You can never have too much poetry. There's a reason. It's not just that the story is forever changing, but that the poet's construction of their territory via craft is forever making and remaking the world. Here's a quick run-down of some of the top picks for 2020 from the MA Center for the Book. These poets live in New England, and without sounding like I'm bragging a bit, claim Massachusetts as their home. There is a reason why I moved to this state.
Karen Skolfield$15.95 $14.67
Winner of the Barnard Poets Prize, Skolfield writes with all her “selfs” – U.S. Army veteran, mother, teacher, wife -- and of course, woman unto herself. Her first book, Frost in the Low Areas, won the 2014 PEN New England Award in poetry, and the First Book Award from Zone 3 Press.
Oliver de la Paz$19.95 $18.35
These prose poems are more than a set of Autism Screening Questionnaires and their confounding, revelatory responses. Each seeks a language for the meaning of selfhood and the neurodiverse mind -- and the hurdles we all must overcome to connect and communicate with each other. Oliver de la Paz is the author of five other collections of poetry and co-editor of A Face to Meet the Faces: An Anthology of Contemporary Persona Poetry.
Jill McDonough$16.95 $15.59
Maggie Dietz (most recently That Kind of Happy) says of McDonough’s, Here All Night: “Like Whitman, she is tuned in to some thrumming undercurrent of joy in all the mess that is America." McDonough is the recipient of the National Endowment for the Arts, the Fine Arts Work Center at Provincetown, the New York Public Library, the Library of Congress, and Stanford’s Stegner program.
Donnelly is an exuberant lover of opera, especially opera sung by Maria Callas. In these exquisite and intimate poems, Donnelly uses a kind of poetic stop/start of her recordings to bring Callas into focus while revealing moments from the poet's past. Donnelly is director of the Poetry Seminar at The Frost Place. He is the author of three other books of poetry: Jesus Said (Orison Books), Nocturnes of the Brothel of Ruin (Four Way Books), and The Charge (Ausable Press).
Diannely Antigua is a Dominican American poet and educator, born and raised in Massachusetts. She is a recipient of the Whiting Award and the winner of the Pamet River Prize. "…a beautiful disturbance of erotic energy...these poems have found a way to circumvent the most precarious silences, to boast and to rue." -- Catherine Barnett, Author Of Human Hours
Franny Choi$16.95 $15.59
Not just a Must Read from MA Center for the Book, but also a top pick of Book Riot's Queer Poetry Collection. "Equal parts dark humour and blunt honesty, [Soft Science] is one of the most complex and rewarding collections I have read in the past few years" - Margaryta Golovchenko for The Town Crier.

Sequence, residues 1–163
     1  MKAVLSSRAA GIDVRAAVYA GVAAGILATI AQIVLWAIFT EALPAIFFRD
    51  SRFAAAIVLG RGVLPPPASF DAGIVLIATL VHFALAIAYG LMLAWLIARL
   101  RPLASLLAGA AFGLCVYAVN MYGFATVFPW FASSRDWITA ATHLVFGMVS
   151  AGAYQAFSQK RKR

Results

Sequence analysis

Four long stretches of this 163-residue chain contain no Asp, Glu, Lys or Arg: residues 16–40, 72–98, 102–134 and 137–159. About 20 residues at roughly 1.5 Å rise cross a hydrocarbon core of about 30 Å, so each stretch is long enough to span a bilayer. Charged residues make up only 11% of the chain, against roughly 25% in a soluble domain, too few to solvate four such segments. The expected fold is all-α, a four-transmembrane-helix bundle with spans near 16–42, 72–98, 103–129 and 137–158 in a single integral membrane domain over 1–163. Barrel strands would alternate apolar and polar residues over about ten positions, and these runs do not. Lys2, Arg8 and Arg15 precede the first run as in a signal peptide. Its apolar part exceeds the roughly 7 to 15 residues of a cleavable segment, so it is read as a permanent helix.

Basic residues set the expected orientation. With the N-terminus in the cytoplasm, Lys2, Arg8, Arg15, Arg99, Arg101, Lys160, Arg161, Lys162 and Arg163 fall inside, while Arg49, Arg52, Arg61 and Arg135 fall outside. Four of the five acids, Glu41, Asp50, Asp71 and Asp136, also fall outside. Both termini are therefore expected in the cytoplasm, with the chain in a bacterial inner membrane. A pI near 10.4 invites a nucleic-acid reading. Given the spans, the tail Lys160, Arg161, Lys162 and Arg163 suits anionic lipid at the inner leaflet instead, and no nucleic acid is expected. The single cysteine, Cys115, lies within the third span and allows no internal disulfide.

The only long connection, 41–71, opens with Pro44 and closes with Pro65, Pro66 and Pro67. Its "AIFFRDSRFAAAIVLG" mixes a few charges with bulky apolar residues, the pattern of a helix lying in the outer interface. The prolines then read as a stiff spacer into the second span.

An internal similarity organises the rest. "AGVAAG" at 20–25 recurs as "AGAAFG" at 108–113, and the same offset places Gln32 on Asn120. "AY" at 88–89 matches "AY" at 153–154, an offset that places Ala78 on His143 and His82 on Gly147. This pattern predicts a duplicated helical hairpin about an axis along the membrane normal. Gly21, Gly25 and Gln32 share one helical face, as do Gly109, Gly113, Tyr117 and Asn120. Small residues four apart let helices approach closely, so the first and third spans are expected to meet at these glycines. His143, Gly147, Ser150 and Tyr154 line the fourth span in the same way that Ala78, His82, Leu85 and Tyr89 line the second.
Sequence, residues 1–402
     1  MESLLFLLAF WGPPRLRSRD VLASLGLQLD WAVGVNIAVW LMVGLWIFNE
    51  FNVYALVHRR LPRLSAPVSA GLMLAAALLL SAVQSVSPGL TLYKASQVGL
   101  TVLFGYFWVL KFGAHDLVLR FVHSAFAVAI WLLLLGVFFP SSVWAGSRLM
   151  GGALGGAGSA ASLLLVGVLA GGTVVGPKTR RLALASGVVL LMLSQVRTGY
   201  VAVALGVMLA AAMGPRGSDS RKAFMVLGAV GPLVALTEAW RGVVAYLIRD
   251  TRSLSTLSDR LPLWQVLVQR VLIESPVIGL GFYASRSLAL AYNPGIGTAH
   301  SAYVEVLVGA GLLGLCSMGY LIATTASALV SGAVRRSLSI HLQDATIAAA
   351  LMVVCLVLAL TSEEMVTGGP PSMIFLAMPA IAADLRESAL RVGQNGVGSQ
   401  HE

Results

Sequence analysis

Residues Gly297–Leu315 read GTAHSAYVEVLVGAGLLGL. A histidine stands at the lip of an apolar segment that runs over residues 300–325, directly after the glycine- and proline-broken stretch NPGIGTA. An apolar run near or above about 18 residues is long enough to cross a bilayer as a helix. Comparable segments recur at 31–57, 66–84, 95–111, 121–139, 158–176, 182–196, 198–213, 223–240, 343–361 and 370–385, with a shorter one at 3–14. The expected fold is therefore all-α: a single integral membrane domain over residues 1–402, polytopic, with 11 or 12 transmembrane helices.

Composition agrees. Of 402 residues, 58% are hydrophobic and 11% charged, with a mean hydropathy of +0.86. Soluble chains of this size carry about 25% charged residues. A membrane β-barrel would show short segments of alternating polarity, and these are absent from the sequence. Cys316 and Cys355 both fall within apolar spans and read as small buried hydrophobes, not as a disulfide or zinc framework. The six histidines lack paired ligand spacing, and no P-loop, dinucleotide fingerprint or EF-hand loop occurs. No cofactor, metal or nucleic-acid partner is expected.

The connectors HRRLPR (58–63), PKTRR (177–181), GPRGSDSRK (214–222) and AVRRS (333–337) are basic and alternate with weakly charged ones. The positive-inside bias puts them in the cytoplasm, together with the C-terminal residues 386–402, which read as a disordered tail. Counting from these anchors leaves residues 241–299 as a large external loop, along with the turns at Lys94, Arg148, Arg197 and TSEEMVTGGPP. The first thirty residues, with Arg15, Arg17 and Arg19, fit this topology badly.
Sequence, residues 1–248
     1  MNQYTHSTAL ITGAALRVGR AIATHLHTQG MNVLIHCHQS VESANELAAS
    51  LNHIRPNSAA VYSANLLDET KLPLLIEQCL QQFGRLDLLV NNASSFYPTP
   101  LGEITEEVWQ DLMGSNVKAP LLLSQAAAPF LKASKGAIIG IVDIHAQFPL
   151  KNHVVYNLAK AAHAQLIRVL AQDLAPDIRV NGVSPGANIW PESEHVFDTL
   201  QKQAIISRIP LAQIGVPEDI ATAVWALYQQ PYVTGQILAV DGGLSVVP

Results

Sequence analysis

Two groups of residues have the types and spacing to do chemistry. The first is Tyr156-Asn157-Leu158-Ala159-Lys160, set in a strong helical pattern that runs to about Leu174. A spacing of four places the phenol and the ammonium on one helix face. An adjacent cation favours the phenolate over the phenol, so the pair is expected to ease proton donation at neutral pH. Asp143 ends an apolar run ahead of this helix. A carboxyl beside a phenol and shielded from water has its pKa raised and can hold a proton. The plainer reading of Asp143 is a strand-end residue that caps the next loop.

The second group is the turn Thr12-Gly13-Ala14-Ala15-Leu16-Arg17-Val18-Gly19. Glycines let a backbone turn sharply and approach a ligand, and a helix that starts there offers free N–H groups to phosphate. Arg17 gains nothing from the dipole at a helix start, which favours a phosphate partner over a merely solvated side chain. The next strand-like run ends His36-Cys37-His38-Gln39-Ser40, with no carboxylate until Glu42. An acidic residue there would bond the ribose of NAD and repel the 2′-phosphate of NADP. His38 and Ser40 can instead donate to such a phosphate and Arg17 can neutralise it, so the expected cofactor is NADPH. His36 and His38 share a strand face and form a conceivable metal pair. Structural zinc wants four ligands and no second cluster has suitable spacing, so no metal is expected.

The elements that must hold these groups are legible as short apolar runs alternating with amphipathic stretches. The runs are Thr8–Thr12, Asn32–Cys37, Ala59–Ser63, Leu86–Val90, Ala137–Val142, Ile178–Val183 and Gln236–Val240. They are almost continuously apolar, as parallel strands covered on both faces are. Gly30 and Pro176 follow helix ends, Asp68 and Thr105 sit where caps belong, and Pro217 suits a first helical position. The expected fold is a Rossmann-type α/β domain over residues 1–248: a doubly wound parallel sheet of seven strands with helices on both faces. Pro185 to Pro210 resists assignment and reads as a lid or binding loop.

Fanny Howe$16.00 $14.72
I fell in love with this book the moment I read the line, "Some who lack love keep traveling." Howe is the author of more than thirty works of poetry and prose, including Love and I, The Needle's Eye, Come and See, and The Winter Sun. Her most recent poetry collection, Second Childhood, was a finalist for the National Book Award.
Charles Coe$15.00 $13.80
In an interview on MassPoetry.org Coe makes a point of telling us that in remembering that we die, there is a way to magnify what it means to live. "...in poem after poem he shows us, via an empathy reminiscent of Whitman or William Carlos Williams, the pathos and poignancy of the ordinary. " -- Richard Hoffman, author of From Noon Until Night. Coe's previous works include All Sins Forgiven: Poems for my Parents, and Picnic on the Moon, (Leapfrog Press).
Andrea Cohen$15.95 $14.67
"Cohen builds a short poem the way a master carpenter does a tiny house, in lines that are both economical and precise, with room enough for sorrow and wit to exist comfortably together." -- Four Way Books. Andrea Cohen’s poems have appeared in The New Yorker, The Atlantic Monthly, Poetry, The Threepenny Review, The New Republic, and elsewhere. Her poetry collections include Nightshade, Unfathoming, Furs Not Mine, Kentucky Derby, Long Division, and The Cartographer’s Vacation.
“Hannah Larrabee’s Wonder Tissue immerses us in intricacy and intimacy, from a frozen mummy to the jostling at the “junction of rail car bones.” In a notable range of poems we are bidden to Hieronymus Bosch haunting the eco-migrations of trees. To imaginary conceits of the poet’s car when she’s not there. To consider Peter, a frail Apostle led down a corridor to acknowledge the White Nose Syndrome currently killing bats." – from Airlie Press.Hannah Larrabee grew up on a blueberry farm in Maine, and somehow studied poetry with Charles Simic. Her chapbook Murmuration (Seven Kitchens Press) is part of the Robin Becker Series for LGBTQ poets.
Beth Filson is a writer, educator and self-taught artist. Her poetry and prose have appeared in various magazines including The Los Angeles Review, Naugatuck River Review, and Spoon River Poetry Review. Her art has appeared in Meat for Tea and on the cover of the Florida Review’s Pulse Nightclub Tribute edition, among others. She has a number of technical and first-person publications in her field including chapters in Searching for a Rose Garden: Fostering Mad Studies, and is co-author of Engaging Women in Trauma-Informed Peer Support: A Guide. Originally from Savannah, GA, Beth is rooted to the spot in Easthampton, MA right around the corner from Book Moon.